Removing Amalgam from the Mouth
Mercury is in the world around us and although it has been linked to some serious health conditions such as Alzheimer’s disease, multiple sclerosis, kidney and brain damage, in general terms it has been deemed safe in low doses. Despite this, it would seem sensible not to have it if possible. Visually, reactions are commonly seen in the mouth where these fillings lie directly adjacent to cheeks and gums, therefore in some instances it is wise to change an amalgam for a white filling in order to relax the immune system and reduce the inflammatory cells.
How are people exposed to mercury?
Mercury exists in various forms, and people are exposed to each in different ways. The most common way people in the U.K. are exposed to mercury is by eating fish containing methylmercury. Dental fillings come under a heading of metallic elemental mercury, which will be covered below.
- Exposures to Methylmercury
Methylmercury, a highly toxic organic compound, is the form of mercury people in the U.K. encounter most frequently. Almost all people in the world have at least trace amounts of methylmercury in their bodies, reflecting its prevalence in the environment. However, most people have mercury levels in their bodies below the level associated with possible health effects.
Nearly all methylmercury exposures in the U.K. occur through eating fish and shellfish that contain higher levels of methylmercury.
How Does Methylmercury Get into the Fish and Shellfish?
Mercury gets into the air from a number of sources. Once in the air, mercury eventually settles into bodies of water like lakes and streams, or onto land, where it can be washed into water. Microorganisms in waterbodies can change it into methylmercury, where it builds up in fish and shellfish.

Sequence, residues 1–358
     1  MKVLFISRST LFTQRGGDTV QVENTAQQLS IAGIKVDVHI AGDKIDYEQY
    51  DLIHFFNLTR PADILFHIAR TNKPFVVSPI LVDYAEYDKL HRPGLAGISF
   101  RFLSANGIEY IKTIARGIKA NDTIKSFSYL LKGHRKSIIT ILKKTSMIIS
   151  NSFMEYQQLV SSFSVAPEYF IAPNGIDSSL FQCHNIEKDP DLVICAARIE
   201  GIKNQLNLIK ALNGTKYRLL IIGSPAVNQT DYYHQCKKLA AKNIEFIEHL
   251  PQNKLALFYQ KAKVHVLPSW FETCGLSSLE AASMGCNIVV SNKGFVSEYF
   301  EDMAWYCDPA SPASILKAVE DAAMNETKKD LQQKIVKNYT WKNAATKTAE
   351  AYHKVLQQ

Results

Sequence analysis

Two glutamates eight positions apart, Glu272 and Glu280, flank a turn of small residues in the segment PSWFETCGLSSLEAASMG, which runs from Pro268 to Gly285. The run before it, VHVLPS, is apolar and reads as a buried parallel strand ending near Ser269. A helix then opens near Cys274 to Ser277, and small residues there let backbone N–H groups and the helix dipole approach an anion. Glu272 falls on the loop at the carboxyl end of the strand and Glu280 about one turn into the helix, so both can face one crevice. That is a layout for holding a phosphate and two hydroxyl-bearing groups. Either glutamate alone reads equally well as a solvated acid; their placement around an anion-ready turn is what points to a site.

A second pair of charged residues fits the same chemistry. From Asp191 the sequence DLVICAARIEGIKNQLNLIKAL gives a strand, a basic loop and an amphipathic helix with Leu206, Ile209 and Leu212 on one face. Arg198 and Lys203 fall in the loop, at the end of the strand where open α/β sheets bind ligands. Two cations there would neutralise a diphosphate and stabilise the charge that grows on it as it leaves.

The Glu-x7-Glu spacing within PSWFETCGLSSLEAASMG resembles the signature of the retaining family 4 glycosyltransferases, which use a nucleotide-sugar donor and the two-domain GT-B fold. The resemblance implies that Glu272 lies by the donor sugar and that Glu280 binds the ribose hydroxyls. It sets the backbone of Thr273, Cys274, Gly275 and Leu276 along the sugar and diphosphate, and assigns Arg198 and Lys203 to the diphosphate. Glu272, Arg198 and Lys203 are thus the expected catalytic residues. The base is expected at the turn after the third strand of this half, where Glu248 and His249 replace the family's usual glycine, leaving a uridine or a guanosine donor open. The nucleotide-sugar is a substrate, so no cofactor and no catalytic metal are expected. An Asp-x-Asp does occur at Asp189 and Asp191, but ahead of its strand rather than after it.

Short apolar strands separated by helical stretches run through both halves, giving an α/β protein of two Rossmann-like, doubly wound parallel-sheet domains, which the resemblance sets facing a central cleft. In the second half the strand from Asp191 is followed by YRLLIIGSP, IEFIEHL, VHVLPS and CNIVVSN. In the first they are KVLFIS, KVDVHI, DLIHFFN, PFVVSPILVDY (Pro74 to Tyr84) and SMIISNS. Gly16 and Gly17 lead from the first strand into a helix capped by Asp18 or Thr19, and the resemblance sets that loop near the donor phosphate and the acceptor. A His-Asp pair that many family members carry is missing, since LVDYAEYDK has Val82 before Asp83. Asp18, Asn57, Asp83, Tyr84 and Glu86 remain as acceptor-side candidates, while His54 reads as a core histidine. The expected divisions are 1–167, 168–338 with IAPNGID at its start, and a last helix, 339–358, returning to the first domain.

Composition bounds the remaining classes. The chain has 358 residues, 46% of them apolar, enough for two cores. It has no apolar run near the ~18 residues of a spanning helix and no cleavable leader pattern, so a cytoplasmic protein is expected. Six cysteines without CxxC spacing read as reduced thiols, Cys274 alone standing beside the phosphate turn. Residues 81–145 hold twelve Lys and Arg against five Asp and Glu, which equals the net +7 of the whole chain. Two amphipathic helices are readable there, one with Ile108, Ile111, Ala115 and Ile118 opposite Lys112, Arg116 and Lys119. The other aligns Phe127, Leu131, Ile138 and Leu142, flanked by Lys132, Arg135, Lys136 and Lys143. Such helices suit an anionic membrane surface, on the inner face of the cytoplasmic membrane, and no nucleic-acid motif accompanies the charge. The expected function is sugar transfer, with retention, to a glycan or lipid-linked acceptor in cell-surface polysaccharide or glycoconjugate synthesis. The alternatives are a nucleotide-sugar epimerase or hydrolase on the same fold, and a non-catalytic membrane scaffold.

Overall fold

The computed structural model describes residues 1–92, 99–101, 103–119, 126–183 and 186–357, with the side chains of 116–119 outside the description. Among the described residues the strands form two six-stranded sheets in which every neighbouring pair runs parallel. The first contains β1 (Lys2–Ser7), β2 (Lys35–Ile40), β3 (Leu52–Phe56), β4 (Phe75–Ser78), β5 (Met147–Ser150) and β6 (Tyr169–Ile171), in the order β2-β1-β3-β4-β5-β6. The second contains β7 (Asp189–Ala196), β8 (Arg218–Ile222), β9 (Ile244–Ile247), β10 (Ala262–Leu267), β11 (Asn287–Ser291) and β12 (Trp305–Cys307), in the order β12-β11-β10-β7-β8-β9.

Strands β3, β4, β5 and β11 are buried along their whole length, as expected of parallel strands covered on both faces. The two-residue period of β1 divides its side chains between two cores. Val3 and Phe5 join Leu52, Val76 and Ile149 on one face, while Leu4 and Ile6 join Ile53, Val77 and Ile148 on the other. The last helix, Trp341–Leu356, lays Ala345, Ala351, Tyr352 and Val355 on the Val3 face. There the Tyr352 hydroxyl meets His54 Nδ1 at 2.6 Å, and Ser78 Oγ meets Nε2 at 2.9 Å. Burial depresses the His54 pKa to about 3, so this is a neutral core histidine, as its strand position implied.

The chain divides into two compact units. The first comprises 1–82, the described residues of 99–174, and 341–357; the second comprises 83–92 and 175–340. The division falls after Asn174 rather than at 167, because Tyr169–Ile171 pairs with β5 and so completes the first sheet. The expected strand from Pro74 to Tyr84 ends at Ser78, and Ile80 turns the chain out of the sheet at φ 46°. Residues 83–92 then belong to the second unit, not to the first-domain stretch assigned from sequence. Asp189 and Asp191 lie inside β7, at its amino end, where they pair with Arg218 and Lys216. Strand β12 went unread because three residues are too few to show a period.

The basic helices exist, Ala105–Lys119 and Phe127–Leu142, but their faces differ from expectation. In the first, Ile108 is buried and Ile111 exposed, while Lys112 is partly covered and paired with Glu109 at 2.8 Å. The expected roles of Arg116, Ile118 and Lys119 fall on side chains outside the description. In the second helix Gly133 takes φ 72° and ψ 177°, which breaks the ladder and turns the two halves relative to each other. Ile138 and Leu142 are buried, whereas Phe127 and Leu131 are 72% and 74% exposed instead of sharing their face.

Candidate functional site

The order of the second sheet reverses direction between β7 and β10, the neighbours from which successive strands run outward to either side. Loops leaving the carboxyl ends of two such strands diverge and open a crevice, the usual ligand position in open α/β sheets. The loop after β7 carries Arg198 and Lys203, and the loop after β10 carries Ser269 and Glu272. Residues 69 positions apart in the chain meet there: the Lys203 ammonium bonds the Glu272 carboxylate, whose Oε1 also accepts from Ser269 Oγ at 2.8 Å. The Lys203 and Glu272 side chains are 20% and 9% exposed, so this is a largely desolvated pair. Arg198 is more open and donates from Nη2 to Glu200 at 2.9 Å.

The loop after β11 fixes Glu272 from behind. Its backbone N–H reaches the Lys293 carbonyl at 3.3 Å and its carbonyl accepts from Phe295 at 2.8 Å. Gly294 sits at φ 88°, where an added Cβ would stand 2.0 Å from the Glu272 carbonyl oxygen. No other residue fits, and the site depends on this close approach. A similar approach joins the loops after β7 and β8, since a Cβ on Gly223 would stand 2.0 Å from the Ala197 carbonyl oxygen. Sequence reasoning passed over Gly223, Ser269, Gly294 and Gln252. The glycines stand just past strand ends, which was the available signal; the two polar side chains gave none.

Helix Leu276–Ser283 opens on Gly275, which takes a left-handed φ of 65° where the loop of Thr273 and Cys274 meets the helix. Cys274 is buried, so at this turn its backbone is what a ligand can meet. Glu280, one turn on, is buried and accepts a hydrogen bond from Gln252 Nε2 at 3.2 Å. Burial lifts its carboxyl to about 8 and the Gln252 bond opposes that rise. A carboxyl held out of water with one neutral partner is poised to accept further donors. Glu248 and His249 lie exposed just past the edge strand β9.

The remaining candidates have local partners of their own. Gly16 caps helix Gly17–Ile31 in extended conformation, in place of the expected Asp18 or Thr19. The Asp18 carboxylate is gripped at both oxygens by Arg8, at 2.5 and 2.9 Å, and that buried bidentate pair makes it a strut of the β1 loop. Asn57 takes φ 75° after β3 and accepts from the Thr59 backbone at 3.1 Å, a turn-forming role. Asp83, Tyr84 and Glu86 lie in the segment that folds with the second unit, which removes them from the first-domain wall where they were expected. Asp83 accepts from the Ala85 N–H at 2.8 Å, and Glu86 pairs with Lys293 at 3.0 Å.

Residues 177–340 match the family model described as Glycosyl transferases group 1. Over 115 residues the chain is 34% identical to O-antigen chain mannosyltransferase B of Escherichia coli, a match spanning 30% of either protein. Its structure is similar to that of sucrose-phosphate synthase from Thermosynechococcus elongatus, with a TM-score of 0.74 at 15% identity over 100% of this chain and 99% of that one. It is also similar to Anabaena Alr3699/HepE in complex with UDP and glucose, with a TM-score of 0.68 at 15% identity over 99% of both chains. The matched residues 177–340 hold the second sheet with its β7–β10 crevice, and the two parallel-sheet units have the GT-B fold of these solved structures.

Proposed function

- Exposures to metallic elemental mercury
Dental fillings: Mercury is used in dentistry in dental amalgam, also known as “silver filling”. Dental amalgam is a direct filling material used in restoring teeth. It is made up of approximately 40-50% mercury, 25% silver, and 25-35% a mixture of copper, zinc and tin. Over time there is slow corrosion causing a mild breakdown of the metal. The positives are that the metal is poisonous to the bacteria and that the Dental body have deemed them safe to use and still remains the choice of filling for back teeth under the NHS. Despite these assurances, in this day and age the material would never be considered if it came to the market in the present day and it would seem sensible to assume that no level of mercury is safe for human consumption.
Amalgam and Mercury Removal
White filling replacements have become standard practice when removing old amalgam sliver and black fillings outside the NHS. The techniques used must be undertaken under strict conditions to ensure successful longterm outcomes and predictability. Primarily here at 47 Dublin Street, we use a sealed dam to ensure that all product is kept away from the throat and airway. Copious amounts of water spray also help to cool the amalgam and reduce/eliminate any vapours produced.
There Are Two Types of White Filling
1. Plastic Composite Resins
A putty material, which is set with a light to make it hard. The putty is constructed using small glass beads trapped within an acrylic resin matrix. The outcome is highly aesthetic and their durability is mid-term (5-8 years on average), depending on the size of the filling and how much work it is doing.
2. Glass Ceramic Inserts
More durable white fillings can be constructed using glass ceramic, which are glued into the teeth to mimic the enamel coating of the original tooth-structure. These fillings are stronger and therefore have a long-term durability (10-14 years on average). The glass ceramic inserts can be further subdivided into Direct and In-direct methods of placement.
- Direct Glass Ceramic Fillings
Cerana- Preformed studs of ceramic will fit into refined cavity shapes to make the white filling stronger and longer lasting.
- Indirect Glass Ceramic Fillings
Porcelain Inlays and Onlays- Handmade porcelain fillings made to fit specific shapes with the aim of providing a strong and durable white filling. These are made for each individual tooth in a laboratory using a furnace to sinter the glass into precise shapes.